Effect of Aging on Efficiency and Accuracy of DNA Double-Strand Break Repair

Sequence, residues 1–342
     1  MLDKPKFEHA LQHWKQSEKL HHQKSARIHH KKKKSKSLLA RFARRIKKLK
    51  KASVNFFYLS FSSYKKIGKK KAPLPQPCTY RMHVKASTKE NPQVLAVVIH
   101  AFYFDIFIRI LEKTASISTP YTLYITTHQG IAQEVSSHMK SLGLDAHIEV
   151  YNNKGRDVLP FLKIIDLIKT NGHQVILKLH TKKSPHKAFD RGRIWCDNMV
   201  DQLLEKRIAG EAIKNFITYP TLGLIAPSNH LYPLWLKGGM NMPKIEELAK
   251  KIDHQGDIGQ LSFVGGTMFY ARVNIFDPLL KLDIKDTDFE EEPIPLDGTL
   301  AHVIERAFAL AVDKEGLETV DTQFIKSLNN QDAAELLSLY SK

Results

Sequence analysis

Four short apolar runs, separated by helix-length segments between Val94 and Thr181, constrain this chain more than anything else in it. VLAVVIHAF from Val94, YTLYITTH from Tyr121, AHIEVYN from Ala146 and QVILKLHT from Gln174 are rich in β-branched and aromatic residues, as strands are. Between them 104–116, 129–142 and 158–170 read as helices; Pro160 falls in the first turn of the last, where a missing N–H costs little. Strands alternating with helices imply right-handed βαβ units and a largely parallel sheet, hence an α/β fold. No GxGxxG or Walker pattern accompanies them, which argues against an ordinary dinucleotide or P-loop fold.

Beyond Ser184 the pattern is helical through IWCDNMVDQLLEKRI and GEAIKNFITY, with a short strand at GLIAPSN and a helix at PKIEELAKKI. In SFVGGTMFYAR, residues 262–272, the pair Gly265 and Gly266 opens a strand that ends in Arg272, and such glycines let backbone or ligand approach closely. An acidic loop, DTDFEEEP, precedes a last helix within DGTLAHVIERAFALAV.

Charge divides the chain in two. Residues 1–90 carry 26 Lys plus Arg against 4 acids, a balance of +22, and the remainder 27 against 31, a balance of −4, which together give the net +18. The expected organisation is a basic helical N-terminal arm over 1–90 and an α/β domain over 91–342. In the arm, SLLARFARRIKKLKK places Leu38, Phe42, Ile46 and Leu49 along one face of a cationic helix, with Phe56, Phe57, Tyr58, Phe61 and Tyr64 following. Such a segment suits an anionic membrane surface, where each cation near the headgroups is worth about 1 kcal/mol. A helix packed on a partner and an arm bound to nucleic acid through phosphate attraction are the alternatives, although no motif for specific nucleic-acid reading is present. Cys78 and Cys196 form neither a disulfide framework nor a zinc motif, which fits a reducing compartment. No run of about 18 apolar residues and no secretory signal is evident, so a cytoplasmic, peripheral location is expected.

Aging cells and tissues accumulate point mutations and genomic rearrangements, consistent with a failing ability to defend their genomes against DNA damage. Rearrangements result primarily from errors in repair of double-strand breaks (DSBs), which arise commonly by breakage of replication forks, as a result of damage due to ionizing radiation, and as a step in the repair of DNA cross-links. The role of DSB repair and recombination in aging is further supported by the studies showing that mutations in the genes involved in DSB repair and recombination lead to accelerated aging. Our hypothesis is that in the aging cells the machinery for DSB repair becomes error-prone. Errors in DSB repair result in accumulation of genomic rearrangements, which lead to cancer and other age-associated diseases. Careful measurements of the efficiency and accuracy DSB repair during aging will provide important information on the basic mechanisms of aging and the higher incidence of cancer in the elderly. We are developing an easy-to-score fluorescence-based assay to examine the status of DSB repair in senescent human cells and in aging mice. We will compare the efficiency and accuracy of DNA repair in various organs, and test whether DNA repair becomes more error-prone in the old animals. In the future, we will use transgenic mice carrying fluorescent reporter cassettes for analysis of DSB repair as a model to search for possible treatments to prevent age-associated decline in DNA repair.